Russians made up the majority of the top 5 buyers in Dubai‘s red-hot asset market during the first half of the year as investors flocked there as the emirate benefited from an influx of riches after Western sanctions. Residential real estate transaction volumes increased by 60% in the first half of 2016, while the price of homes sold increased by 85%, according to research from the resources consulting Better homes.
The top clients came from India, the United Kingdom, Italy, Russia, and France, in that order. Canada, the United Arab Emirates, Pakistan, and Egypt shared eighth place, Lebanon, and China also made an appearance.
As compared to the first half of 2021, the number of Russian consumers increased by 164% in the first half of this year, according to Betterhomes’ response to a Reuters inquiry. While India’s and Italy’s numbers decreased by 8% and 17%, respectively, France’s and Britain’s numbers increased by 42% and 18%. Geopolitical unrest in Europe and loan clients trying to enter the market before anticipated hobby price increases drove demand, according to Better homes.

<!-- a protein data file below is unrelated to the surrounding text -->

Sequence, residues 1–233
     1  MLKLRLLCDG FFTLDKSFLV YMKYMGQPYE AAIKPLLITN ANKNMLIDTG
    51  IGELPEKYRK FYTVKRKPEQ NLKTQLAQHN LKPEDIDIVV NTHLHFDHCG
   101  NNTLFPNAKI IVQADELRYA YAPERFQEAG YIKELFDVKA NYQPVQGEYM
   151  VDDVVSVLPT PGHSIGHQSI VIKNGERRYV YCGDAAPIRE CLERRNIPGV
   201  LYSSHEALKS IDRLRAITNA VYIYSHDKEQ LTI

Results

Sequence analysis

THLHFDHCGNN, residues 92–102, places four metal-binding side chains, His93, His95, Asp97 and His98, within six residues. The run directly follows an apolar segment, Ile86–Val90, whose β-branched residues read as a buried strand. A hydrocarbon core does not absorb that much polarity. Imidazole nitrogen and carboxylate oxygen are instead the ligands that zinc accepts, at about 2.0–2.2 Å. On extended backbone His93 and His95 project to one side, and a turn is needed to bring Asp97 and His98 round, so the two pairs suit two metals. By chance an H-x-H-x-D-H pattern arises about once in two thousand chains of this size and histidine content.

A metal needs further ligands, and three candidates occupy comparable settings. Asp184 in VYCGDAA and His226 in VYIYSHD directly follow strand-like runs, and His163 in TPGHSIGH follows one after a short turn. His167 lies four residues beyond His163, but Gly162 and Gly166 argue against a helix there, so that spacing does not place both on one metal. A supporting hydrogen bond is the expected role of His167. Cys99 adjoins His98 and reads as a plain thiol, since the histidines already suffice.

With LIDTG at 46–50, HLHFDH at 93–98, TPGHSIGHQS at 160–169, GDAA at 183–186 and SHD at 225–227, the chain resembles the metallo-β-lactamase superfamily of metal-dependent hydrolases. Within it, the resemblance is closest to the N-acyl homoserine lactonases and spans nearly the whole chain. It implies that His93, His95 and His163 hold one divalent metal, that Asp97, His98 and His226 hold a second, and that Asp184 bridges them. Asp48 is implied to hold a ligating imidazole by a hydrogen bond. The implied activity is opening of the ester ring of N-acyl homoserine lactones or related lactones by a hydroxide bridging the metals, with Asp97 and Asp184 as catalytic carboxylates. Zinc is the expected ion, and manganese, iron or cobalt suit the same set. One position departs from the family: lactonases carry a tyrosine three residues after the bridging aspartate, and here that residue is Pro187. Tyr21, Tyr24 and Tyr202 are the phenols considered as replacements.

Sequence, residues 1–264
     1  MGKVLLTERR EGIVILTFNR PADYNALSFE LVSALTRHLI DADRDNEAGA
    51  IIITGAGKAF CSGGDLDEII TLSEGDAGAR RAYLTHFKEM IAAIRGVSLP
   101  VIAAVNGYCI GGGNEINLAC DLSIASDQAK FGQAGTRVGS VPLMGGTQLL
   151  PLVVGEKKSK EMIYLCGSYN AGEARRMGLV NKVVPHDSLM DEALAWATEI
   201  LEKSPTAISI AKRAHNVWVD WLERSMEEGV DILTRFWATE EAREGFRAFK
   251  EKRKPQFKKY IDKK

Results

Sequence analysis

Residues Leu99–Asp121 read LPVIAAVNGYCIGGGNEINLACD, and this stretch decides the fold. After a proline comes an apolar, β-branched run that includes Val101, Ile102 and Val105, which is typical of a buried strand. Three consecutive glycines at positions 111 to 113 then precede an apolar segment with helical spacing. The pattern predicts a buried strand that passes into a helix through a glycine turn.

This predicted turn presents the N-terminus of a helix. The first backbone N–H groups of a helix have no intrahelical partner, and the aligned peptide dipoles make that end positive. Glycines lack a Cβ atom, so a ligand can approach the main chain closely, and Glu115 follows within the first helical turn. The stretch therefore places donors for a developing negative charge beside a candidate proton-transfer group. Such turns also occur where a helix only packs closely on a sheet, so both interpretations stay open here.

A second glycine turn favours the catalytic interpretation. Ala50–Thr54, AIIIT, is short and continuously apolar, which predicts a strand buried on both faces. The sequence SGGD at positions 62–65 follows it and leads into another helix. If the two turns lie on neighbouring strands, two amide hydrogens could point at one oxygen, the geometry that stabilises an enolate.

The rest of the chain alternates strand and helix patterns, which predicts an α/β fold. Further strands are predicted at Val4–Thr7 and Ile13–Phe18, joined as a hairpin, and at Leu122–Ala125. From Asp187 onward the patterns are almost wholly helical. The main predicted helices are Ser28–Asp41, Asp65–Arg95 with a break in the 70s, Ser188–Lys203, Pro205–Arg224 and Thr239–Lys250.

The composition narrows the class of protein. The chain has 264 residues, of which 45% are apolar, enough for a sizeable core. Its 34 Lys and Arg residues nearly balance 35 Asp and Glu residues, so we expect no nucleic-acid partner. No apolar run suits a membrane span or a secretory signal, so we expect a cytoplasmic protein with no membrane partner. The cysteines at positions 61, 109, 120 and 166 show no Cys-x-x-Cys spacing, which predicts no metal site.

Russians have been flooding Dubai real estate with cash, according to Reuters, in pursuit of a haven from Western sanctions imposed on Moscow due to its invasion of Ukraine. The market has faced mounting headwinds in the form of rising hobby costs and a stronger dollar, but to date has proven to be strong with little evidence of weakening, according to Better homes.
A record 37,762 units were sold in the first half of the year, according to figures from the Dubai Land Department, with residential real estate market transactions totaling about 89 billion dirhams ($24.23 billion). Dubai’s real estate market began to recover from 2020’s severe collapse early last year, and as the emirate quickly relaxed pandemic laws compared to other cities across the world, buyers flocked to purchase expensive items.
However, S&P Global Ratings said in October that Dubai’s real estate market had become brittle and unequal and that an excess of residential properties might put pressure on prices. According to Better homes, the number of luxury asset transfers has increased by 87% compared to the first half of last year, with residential purchases accounting for 62% of all transactions. Investors dominated sales, accounting for 68% of all clients, an increase of 10% from a year earlier.
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